"In early January 1946, I returned to Luang Prabang, where I re­mained until May 4.  I then sought refuge in Thai territory and finally came to Bangkok, where the Free Lao Government had settled the month before.  I no sooner reached Bangkok than the Free Lao Government asked me to lead our national liberation, because of my fame and influence and the long-time loyalty to me of people throughout the country.  In December, 1 accepted the invitation of the Free Lao Government and worked to improve the military forces, which fought the French continu­ously until October 1949.  At this time, without informing me before­hand, the Free Lao Government agreed with the French to return to Laos. When the agreement had been made and invitations received from the French, they informed me and asked me to join them.  I felt that this action on the part of the Free Lao Government was incorrect according to custom.  It was wrong to put their leader under the control of the government. Thus I refused to obey their orders, and they dismissed me as their leader and returned to Laos. The Free Lao soldiers, how­ever, would not agree to return before independence.  Consequently, Prince Souphanouvong, whom I had appointed as military commander in December 1946, took the soldiers into the forests and continued to harass the French.


"As for me, I had stomach troubles, had an operation, and had to abandon both sides and remove myself from political affairs from then on.  Though I had been dismissed twice, when I reflected on the good of the country, it was natural that I should think of returning to Laos if the political situation were appropriate.  Would I be dismissed again, and would harm be done to me?  If the future were such that the Lao people of the entire country unanimously requested me to return, with an invitation from the government and the head of the Sangha and with the approval of the King, I would be pleased and willing to accept their invitation and return to Laos to help build the prosperity and progress of our country.


"Moreover, Laos has just been united and has just recovered its independence after having been divided for 249 years. This division into the Kingdoms of Luang Prabang and Vientiane cost Laos its indepen­dence and served only the private benefit of members of the royal fam­ily.  It was this ancient separation of the country of Lan Xang that was the reason our independence was lost in 1707 and not regained again until our country was reunited in 1947.  Laos had been dismembered and had lost its independence for a period of a full 240 years, longer than any other country in the world.  Even Poland, which had been divided among Germany, Russia, and Greece from 1776 to 1918, had not lost its independence as long as Laos.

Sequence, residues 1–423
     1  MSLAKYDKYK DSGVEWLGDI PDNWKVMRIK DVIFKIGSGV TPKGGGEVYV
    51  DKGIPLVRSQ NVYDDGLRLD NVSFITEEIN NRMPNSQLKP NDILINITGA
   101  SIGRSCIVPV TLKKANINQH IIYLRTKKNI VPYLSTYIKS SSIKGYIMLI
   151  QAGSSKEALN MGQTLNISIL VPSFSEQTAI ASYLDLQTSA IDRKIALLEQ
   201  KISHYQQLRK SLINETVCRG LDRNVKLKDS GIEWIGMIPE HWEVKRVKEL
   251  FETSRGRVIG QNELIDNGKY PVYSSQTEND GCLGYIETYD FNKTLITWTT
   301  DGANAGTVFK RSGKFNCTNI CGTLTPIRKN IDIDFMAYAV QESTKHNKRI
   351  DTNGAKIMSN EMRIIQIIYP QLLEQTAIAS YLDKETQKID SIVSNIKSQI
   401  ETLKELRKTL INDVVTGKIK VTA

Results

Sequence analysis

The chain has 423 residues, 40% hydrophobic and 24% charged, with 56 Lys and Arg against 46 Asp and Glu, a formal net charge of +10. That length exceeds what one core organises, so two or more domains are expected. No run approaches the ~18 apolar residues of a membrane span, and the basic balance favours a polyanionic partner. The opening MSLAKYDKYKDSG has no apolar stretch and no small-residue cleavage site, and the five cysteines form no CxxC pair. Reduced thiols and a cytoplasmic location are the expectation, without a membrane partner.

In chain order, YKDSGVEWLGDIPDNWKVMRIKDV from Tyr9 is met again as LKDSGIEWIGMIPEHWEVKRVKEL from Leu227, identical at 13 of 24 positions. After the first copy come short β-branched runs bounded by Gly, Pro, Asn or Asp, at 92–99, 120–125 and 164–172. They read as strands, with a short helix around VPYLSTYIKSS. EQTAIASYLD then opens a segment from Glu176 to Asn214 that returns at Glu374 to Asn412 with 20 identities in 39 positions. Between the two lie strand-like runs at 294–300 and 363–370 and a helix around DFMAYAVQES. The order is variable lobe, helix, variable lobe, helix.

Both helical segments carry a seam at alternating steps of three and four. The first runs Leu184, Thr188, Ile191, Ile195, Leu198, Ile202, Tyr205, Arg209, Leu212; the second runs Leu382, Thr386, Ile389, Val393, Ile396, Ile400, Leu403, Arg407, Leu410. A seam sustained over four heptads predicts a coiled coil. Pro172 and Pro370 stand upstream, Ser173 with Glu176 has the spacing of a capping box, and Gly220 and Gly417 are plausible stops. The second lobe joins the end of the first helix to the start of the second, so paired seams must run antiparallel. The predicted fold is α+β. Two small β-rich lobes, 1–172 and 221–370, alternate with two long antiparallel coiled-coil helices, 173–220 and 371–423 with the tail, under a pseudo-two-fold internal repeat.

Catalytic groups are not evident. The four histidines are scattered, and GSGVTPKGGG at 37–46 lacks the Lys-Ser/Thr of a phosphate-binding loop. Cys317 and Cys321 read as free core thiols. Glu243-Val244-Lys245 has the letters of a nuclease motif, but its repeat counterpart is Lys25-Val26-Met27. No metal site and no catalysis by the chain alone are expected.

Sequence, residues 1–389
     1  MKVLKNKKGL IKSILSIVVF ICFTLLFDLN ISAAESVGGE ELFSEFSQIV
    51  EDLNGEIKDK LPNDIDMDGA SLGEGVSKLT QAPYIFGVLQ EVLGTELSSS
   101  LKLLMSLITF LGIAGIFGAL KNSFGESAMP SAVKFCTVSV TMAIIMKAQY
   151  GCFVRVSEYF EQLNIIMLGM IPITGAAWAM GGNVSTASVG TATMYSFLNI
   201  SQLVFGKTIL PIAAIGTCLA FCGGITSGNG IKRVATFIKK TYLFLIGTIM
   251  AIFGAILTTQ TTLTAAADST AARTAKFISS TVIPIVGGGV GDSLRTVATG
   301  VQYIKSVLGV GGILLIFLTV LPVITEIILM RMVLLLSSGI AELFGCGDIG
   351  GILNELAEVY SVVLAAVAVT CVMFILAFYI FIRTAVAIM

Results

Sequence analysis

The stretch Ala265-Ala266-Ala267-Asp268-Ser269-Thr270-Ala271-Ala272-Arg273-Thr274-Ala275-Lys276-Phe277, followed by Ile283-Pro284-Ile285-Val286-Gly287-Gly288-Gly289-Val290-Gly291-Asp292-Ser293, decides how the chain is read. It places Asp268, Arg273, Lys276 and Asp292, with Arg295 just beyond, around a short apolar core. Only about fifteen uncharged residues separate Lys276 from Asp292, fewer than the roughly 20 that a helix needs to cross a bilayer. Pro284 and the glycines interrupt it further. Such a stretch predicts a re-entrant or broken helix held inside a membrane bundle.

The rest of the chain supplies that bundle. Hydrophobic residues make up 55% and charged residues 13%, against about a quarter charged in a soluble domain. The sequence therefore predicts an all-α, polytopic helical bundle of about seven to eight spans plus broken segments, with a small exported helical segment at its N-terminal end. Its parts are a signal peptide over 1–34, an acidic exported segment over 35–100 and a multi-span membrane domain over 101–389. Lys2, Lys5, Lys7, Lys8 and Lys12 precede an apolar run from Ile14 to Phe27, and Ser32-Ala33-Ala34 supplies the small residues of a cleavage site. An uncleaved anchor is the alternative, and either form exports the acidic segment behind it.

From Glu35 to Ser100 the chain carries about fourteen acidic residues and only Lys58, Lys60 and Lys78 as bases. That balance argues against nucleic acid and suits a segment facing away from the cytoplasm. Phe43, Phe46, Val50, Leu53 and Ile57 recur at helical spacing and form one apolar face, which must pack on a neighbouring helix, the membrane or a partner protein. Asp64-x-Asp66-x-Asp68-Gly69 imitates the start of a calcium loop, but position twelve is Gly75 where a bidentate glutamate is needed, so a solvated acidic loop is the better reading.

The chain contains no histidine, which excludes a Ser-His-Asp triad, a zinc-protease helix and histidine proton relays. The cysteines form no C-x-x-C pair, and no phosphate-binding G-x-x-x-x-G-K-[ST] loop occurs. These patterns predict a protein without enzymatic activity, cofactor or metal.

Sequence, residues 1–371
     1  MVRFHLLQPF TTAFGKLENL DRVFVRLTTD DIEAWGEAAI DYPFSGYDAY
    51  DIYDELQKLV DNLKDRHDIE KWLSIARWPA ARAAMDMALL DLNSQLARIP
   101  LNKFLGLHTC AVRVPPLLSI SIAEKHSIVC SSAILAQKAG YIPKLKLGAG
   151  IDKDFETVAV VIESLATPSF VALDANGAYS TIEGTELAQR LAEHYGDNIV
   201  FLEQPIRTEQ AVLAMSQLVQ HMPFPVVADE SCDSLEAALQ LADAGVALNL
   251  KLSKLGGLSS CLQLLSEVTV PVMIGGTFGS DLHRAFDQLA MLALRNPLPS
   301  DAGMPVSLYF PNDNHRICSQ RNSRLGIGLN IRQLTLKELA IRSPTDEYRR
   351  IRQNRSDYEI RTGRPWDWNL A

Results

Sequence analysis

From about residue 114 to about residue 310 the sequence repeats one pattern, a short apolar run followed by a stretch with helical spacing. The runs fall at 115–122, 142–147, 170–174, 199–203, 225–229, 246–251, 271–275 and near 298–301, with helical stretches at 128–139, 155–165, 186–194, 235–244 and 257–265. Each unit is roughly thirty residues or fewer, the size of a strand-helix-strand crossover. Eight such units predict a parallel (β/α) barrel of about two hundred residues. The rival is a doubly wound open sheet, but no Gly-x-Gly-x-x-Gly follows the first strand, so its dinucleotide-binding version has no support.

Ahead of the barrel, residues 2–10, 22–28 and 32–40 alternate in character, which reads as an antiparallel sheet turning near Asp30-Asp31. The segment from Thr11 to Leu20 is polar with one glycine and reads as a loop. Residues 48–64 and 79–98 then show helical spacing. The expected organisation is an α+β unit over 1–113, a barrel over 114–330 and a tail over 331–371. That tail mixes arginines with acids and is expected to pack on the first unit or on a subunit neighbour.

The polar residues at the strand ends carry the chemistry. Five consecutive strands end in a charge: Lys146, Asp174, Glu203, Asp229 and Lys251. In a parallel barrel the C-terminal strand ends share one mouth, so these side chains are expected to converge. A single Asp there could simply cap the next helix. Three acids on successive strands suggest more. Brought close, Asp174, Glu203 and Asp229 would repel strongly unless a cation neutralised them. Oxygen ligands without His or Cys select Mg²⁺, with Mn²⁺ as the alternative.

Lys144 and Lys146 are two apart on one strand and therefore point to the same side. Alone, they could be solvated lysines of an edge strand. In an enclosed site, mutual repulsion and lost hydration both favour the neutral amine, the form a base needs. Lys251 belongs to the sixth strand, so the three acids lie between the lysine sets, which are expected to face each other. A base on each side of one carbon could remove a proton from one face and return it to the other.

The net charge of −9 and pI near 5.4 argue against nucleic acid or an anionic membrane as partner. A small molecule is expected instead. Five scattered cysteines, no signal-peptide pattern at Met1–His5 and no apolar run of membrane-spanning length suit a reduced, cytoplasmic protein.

"The fact that Laos is united and is an independent country equal to other countries is the reason I am pleased and willing to return to help you and all of the Lao people build our country in prosperity and progress.  The timing of my return will depend on your agreement to certain minor conditions which I invite all of you to consider and to consult on again tomorrow.  However, I want you to know now that my return to Laos will be only after King Sisavangvong returns from France to his own land."


The Conditions [Memorandum]


1.  Prince Phetsarath said that his return to Laos was not as im­portant as the lives of the Lao people, who had suffered the fate of ten years of country-wide disorder.  Consequently, he asked the govern­ment of the Kingdom and the Pathet Lao to come to a quick agreement so that the people of the entire country would be united and would have a good standard of living.


The committee replied that negotiations with the Pathet Lao would begin very soon, as soon as an appropriate site was decided upon.

Prince Phetsarath commented that according to his information, the negotiations would be held in Luang Prabang.  Furthermore, if both sides invited him, he would be happy to be chairman of the negotiations.


2.  Before returning to Laos, the Prince would first wait for King Sisavangvong to come back from France.  This was to guard against any misunderstanding on the part of certain people who claimed that he sought the throne.  As for this charge, the Prince had asserted many times, for example on November 13, 1947, that he sought independence for Laos with no hope of personal benefit.  He did not seek to become king but only wished to act in accordance with public opinion for the benefit of the entire country.  Following such opinion, he proclaimed the union of southern, central, and northern Laos, as he already ex­plained above.  He repeated again that even if there were some people who demanded that he become King of Laos, he would absolutely refuse to the day of his death.